7. #7

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    Thank you for the replies so far. I appreciate it. I hadn't thought of things in terms of rotational inertia, but it makes sense. I also had not heard of the black diamond "donut" but will look into it.


    I've thought about pacer poles, as the (claimed) postural benefits would be great but it is so hard to commit to a purchase without ever getting to feel them first, etc...

    Thanks again!!!

  8. #8

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    I have a carbon fork on my bike. I originally bought the bike with an aluminum fork and then exchanged for the next model up with a carbon fork. I was amazed at the difference.

    Sent from my Nexus 5X using Tapatalk

  9. #9
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    There is another thread or two somewhere on this site where inexpensive carbon poles were mentioned highly - Not sure which thread it is, but I grabbed the site and added it to my favorites so I can get a pair when I replace my aluminum ones. Under $50 and have some pretty good reviews.

    http://www.cascademountaintech.com/Q...les-p/1010.htm

  10. #10
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    Quote Originally Posted by MtDoraDave View Post
    There is another thread or two somewhere on this site where inexpensive carbon poles were mentioned highly - Not sure which thread it is, but I grabbed the site and added it to my favorites so I can get a pair when I replace my aluminum ones. Under $50 and have some pretty good reviews.

    http://www.cascademountaintech.com/Q...les-p/1010.htm
    You can get similar looking and spec'd poles on Ebay for $15/each.

  11. #11
    2008 SOBO Frick Frack's Avatar
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    In my experience carbon poles w/o "shock absorbers" are plenty comfortable and much more quiet than aluminium poles &/or poles w/shock absorber. The ones that have flick locks are far easier to adjust than the twist ones too. In fact my aluminium Black Diamond poles made it from ME to NY before breaking and being warrantied with carbon shafts that went from NY to GA and beyond. Aluminium is for beer cans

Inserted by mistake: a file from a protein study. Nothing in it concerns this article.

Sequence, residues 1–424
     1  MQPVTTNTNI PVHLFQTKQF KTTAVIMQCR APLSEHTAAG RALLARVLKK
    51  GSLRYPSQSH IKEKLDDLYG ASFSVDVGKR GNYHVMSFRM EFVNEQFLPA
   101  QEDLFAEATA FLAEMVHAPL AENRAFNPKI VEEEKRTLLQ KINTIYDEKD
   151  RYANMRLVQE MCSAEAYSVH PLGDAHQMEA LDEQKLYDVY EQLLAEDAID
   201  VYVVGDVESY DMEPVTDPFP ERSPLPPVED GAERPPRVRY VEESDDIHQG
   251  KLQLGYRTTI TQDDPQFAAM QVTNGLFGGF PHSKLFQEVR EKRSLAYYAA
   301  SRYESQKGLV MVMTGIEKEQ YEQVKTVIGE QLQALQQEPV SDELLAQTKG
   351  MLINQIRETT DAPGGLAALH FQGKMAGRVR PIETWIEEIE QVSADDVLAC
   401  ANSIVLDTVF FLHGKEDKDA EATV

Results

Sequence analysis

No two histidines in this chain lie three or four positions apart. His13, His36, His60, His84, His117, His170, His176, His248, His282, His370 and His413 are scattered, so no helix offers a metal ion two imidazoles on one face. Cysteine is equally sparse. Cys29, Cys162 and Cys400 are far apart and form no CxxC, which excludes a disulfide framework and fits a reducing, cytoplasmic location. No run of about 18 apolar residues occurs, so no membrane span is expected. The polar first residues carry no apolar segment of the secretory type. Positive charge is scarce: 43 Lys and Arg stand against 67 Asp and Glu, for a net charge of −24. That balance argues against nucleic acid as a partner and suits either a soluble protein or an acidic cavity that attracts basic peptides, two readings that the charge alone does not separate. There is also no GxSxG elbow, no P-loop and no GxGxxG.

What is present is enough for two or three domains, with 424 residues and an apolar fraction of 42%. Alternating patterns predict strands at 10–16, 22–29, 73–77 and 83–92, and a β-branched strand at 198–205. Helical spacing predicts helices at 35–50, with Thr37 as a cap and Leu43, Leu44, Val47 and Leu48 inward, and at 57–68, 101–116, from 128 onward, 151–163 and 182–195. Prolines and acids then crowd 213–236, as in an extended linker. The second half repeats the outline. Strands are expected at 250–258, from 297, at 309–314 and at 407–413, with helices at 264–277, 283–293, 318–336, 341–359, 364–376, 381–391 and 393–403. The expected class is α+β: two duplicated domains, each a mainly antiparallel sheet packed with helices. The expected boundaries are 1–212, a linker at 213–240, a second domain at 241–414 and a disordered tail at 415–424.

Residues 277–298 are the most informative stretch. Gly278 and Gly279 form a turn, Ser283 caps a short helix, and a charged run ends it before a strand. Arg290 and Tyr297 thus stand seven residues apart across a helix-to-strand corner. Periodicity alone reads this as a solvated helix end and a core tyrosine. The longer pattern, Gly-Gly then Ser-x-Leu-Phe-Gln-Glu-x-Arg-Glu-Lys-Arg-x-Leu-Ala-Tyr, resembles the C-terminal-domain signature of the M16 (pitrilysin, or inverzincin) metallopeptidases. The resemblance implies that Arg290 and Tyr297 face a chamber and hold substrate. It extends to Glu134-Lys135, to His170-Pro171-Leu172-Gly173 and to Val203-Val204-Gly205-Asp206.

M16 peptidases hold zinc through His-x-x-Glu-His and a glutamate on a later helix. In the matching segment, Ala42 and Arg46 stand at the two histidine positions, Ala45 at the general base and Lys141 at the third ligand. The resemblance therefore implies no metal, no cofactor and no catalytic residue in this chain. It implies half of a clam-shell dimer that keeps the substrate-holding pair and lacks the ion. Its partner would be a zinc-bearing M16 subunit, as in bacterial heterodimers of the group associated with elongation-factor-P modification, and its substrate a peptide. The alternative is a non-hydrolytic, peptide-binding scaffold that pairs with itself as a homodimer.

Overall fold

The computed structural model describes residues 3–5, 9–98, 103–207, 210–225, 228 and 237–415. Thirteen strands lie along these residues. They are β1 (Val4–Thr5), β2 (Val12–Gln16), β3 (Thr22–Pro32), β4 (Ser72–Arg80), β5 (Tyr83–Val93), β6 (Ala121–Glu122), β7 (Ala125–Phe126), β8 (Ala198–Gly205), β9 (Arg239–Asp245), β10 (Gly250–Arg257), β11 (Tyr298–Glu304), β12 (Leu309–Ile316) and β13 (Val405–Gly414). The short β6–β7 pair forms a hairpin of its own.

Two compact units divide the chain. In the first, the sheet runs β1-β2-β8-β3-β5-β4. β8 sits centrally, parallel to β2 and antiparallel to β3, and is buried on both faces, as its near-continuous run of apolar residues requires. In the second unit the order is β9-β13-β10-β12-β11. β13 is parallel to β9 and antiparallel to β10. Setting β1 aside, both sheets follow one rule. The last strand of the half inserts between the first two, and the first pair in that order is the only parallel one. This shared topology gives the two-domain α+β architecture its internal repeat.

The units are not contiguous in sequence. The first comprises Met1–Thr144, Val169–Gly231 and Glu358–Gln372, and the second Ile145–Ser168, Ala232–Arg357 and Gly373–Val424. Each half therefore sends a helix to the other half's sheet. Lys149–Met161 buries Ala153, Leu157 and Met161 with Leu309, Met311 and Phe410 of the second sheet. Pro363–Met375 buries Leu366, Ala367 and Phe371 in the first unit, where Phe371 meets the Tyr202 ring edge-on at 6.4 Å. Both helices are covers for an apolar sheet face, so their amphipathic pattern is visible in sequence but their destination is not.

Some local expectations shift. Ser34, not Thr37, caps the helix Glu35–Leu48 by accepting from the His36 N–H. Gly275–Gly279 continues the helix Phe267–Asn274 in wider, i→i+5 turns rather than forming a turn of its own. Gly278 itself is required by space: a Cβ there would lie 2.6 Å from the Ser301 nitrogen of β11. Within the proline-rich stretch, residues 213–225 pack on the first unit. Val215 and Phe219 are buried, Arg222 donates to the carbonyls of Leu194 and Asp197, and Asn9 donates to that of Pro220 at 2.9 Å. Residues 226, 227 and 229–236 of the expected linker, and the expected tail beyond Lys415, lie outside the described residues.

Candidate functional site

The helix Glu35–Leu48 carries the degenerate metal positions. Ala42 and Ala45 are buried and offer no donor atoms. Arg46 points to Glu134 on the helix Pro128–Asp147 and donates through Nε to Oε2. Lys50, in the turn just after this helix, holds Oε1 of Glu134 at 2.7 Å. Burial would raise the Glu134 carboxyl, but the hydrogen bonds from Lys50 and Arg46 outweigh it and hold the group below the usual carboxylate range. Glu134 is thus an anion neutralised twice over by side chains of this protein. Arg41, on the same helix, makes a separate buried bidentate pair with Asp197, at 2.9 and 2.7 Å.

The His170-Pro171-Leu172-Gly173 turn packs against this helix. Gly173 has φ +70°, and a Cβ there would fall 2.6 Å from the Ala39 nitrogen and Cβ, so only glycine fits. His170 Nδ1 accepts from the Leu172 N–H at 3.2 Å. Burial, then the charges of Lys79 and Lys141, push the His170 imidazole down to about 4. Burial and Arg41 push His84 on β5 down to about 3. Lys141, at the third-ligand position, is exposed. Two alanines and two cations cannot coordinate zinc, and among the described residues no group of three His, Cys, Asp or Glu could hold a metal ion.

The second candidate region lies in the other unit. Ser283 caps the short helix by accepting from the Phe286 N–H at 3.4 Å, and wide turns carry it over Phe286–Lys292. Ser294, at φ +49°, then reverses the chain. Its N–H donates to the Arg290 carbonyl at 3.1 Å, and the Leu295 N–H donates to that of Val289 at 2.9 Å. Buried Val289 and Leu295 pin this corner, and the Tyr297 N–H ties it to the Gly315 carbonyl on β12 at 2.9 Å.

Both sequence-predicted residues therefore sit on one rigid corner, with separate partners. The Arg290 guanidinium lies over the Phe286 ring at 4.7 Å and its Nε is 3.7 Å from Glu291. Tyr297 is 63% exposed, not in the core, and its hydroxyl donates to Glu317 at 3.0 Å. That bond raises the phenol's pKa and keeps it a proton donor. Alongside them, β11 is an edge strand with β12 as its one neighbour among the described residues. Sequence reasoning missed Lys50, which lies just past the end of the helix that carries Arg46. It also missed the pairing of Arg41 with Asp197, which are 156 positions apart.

12. #12
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    I have had aluminum poles last much longer then carbon. Beer should b in glass bottles. If I had a shoulder problem light weight may be a better choice.

  13. #13
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    Even without a shoulder problem lighter poles are IMO more enjoyable to use due to the weight/inertia factor mentioned above.

    If one trips and falls onto a pole in a certain way it's going to bend or break whether it's an 11 oz aluminum pole or a 4.5 oz carbon pole. So the longevity of poles made with either material is due in large part to how the user treats them. We've all been around folks who are "rough on equipment" and who could break a bowling ball in a foam rubber room. If a brand new pole breaks (or, more accurately, is broken by the user) while departing a parking lot, that says nothing about the durability of the pole.

    However, Leki used to make the most durable poles I've ever used which are the original Makalus made of titanium, with all sections made of titanium. The current-vintage "Titanium" Makalus have Ti uppers but the lowers are Aluminum and nowhere near as strong and durable. I still have these and they are in perfect working order. In the past I used them a lot for mountaineering and they endured many shocks and stresses that would have shattered any other poles I've used.

    But for 3-season I'm definitely sticking with my lightweight CF poles.

  14. #14

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    I have had both aluminum poles with and without shock absorbers and also carbon; I prefer the light weight and vibration dampening of carbon without the shock absorbers. I know it may not sound like much, but the difference in a few ounces of swing weight on a pole is pretty noticeable (both my poles together weigh under 10oz) . Drawback to carbon is it really is hard to tell if they have been damaged, where aluminum bends. I'll take my chances with my carbon poles but will not use carbon fiber for my handlebars on bicycles anymore.